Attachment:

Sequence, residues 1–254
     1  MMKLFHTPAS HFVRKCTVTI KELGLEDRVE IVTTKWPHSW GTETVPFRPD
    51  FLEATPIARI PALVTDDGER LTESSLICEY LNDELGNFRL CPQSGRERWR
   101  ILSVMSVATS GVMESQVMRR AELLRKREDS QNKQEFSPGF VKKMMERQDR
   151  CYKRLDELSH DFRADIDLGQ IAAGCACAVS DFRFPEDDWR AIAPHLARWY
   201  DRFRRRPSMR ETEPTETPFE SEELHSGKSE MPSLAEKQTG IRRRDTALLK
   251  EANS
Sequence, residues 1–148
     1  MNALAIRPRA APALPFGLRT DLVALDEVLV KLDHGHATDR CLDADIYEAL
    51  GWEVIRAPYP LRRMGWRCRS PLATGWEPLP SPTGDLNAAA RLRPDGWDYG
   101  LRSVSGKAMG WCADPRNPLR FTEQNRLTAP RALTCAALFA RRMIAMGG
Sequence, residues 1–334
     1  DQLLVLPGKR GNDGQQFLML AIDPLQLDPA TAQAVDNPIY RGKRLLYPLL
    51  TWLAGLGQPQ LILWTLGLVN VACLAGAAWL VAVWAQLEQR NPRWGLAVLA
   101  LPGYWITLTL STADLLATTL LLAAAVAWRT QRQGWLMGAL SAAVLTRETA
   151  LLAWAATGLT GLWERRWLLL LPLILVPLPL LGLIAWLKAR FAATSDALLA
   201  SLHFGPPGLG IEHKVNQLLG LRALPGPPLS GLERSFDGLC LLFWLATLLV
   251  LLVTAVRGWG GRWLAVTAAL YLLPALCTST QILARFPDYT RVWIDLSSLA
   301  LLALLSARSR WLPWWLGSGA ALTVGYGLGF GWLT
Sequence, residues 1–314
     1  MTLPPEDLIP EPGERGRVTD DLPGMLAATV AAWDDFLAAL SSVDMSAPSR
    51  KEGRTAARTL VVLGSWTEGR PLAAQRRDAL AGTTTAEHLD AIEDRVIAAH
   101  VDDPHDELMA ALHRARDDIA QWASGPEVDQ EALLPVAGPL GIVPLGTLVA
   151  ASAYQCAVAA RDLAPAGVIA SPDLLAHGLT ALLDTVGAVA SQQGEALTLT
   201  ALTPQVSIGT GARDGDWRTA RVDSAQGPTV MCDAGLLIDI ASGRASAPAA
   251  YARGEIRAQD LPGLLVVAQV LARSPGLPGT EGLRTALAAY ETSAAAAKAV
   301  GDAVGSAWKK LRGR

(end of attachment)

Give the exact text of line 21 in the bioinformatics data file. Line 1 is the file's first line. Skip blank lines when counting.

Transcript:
     1  MTLPPEDLIP EPGERGRVTD DLPGMLAATV AAWDDFLAAL SSVDMSAPSR